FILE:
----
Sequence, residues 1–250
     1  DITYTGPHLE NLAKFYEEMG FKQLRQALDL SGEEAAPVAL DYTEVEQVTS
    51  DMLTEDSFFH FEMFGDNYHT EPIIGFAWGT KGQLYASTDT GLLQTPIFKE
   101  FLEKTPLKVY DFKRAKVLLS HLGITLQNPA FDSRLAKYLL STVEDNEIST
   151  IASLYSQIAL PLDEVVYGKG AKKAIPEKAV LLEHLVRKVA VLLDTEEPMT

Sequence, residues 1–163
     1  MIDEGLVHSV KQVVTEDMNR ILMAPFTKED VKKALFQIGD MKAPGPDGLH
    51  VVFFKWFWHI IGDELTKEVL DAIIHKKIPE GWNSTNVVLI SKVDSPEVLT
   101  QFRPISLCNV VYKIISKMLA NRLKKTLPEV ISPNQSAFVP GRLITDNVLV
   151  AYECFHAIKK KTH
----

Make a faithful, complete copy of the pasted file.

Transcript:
Sequence, residues 1–250
     1  DITYTGPHLE NLAKFYEEMG FKQLRQALDL SGEEAAPVAL DYTEVEQVTS
    51  DMLTEDSFFH FEMFGDNYHT EPIIGFAWGT KGQLYASTDT GLLQTPIFKE
   101  FLEKTPLKVY DFKRAKVLLS HLGITLQNPA FDSRLAKYLL STVEDNEIST
   151  IASLYSQIAL PLDEVVYGKG AKKAIPEKAV LLEHLVRKVA VLLDTEEPMT

Sequence, residues 1–163
     1  MIDEGLVHSV KQVVTEDMNR ILMAPFTKED VKKALFQIGD MKAPGPDGLH
    51  VVFFKWFWHI IGDELTKEVL DAIIHKKIPE GWNSTNVVLI SKVDSPEVLT
   101  QFRPISLCNV VYKIISKMLA NRLKKTLPEV ISPNQSAFVP GRLITDNVLV
   151  AYECFHAIKK KTH